Letters of sympathy and condolence; from Sir Henry Barkly; Major Egerton Warburton; A.J. Baker, Esquire; P.A. Jennings, Esquire; Dr. Mueller; The Council of Ballaarat East; Robert Watson, Esquire; John Lavington Evans, Esquire—Meeting at Totnes.—Resolution to erect a Monument to Mr. Wills.—Proceedings in the Royal Geographical Society of London.—Letter from Sir Roderick Murchison to Dr. Wills.—Dr. Wills's Reply.—'The Lost Explorers,' a poetical tribute.—Concluding Observations.




Painted by Scott. Melbourne. London: Richard Bentley, 1863. Engraved by J. Saddle.


Painted by Scott. Melbourne. Engraved by J. Brown.



Birth. Infancy. Boyhood and Early Education. Youthful Traits of Character.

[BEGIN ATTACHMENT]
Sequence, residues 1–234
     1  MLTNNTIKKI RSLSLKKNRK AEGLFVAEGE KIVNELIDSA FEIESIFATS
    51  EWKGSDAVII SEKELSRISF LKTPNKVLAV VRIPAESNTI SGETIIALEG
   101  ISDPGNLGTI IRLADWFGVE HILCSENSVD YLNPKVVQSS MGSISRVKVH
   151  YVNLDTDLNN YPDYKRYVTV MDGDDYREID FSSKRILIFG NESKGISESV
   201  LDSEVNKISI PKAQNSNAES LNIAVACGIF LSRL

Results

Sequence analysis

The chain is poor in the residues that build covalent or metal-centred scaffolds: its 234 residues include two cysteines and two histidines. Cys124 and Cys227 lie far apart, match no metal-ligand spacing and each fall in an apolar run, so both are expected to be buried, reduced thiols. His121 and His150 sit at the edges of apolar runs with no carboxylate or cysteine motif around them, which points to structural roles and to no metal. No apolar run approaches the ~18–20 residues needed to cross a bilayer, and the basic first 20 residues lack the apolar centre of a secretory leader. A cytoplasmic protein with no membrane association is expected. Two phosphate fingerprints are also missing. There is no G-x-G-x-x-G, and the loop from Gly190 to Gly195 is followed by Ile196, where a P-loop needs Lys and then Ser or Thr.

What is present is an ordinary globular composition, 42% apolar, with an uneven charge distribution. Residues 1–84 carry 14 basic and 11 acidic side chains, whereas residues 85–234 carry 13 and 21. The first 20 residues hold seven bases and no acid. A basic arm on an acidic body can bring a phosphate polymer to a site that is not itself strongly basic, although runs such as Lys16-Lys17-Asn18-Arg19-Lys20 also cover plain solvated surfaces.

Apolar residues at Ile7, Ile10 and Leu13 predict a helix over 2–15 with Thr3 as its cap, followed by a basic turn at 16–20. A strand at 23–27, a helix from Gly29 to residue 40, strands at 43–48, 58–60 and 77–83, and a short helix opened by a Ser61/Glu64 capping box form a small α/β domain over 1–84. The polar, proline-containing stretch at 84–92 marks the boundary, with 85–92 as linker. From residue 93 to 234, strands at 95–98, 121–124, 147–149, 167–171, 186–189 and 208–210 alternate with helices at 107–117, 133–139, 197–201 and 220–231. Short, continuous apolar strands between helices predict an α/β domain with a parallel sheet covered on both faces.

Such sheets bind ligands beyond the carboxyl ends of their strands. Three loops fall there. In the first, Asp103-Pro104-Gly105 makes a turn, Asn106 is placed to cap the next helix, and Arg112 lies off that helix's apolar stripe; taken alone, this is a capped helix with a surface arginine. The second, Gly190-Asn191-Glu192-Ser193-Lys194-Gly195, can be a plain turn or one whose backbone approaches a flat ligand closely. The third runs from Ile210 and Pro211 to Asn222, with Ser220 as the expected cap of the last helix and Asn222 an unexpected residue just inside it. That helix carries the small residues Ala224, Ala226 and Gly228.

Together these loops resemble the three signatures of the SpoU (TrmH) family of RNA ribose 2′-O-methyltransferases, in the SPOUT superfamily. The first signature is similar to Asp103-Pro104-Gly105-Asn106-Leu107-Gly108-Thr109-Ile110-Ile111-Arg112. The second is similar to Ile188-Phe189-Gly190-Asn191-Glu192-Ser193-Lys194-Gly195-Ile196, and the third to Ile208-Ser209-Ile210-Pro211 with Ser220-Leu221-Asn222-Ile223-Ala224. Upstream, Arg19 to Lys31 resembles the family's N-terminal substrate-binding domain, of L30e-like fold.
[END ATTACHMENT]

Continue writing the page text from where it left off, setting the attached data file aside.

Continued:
William John Wills was born at Totnes, in Devonshire, on the 5th of January, 1834. He had, therefore, attained the full age of twenty-seven at the time of his death. Even in infancy, his countenance was interesting and expressive. He began to speak and walk alone before he had completed his first year. His lively disposition gave ample employment to his nurses, though I cannot remember that he ever worried one, through peevishness or a fractious temper. As soon as he could talk distinctly, he evinced an aptitude to name things after his own fancy; and I may fairly say, that he was never a child in the common acceptation of the term, as he gave early indications of diligence and discretion scarcely compatible with the helplessness and simplicity of such tender years. About the time of his completing his third year, Mr. Benthall, a friend and near neighbour, asked permission to take him for a walk in his garden. The boy was then in the habit of attending a school for little children, close by, kept by an old lady. In less than an hour, Mr. Benthall returned to ask if he had come home. No one had seen him, and we began to be alarmed lest he might have fallen into a well in the garden; but this apprehension was speedily ascertained to be groundless. Still he returned not, and our alarm increased, until his mother thought of the school, and there he was found, book in hand, intent on his lesson. He knew it was the school hour, and while Mr. Benthall was speaking to the gardener, had managed to give him the slip, passing our own door and proceeding alone to the school, on the opposite side of the square. Mr. Benthall, who can have seen or heard very little of him since, was one of the first, on hearing of his recent fate, to send a subscription to his monument, about to be erected at Totnes. Perhaps he remembered the incident.